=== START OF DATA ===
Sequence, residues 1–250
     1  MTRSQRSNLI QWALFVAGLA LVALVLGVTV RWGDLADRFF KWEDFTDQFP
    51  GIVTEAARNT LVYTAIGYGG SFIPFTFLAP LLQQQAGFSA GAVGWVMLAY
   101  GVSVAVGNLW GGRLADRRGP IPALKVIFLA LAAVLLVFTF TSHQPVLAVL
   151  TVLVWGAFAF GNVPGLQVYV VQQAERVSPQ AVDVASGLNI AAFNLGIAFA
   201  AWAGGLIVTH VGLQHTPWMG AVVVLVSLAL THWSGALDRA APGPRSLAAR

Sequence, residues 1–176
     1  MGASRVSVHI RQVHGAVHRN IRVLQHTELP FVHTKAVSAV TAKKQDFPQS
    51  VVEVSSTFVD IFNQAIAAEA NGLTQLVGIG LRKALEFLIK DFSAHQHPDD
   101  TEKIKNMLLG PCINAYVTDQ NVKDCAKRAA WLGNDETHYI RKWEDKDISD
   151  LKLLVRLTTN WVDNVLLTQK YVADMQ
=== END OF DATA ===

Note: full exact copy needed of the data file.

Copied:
Sequence, residues 1–250
     1  MTRSQRSNLI QWALFVAGLA LVALVLGVTV RWGDLADRFF KWEDFTDQFP
    51  GIVTEAARNT LVYTAIGYGG SFIPFTFLAP LLQQQAGFSA GAVGWVMLAY
   101  GVSVAVGNLW GGRLADRRGP IPALKVIFLA LAAVLLVFTF TSHQPVLAVL
   151  TVLVWGAFAF GNVPGLQVYV VQQAERVSPQ AVDVASGLNI AAFNLGIAFA
   201  AWAGGLIVTH VGLQHTPWMG AVVVLVSLAL THWSGALDRA APGPRSLAAR

Sequence, residues 1–176
     1  MGASRVSVHI RQVHGAVHRN IRVLQHTELP FVHTKAVSAV TAKKQDFPQS
    51  VVEVSSTFVD IFNQAIAAEA NGLTQLVGIG LRKALEFLIK DFSAHQHPDD
   101  TEKIKNMLLG PCINAYVTDQ NVKDCAKRAA WLGNDETHYI RKWEDKDISD
   151  LKLLVRLTTN WVDNVLLTQK YVADMQ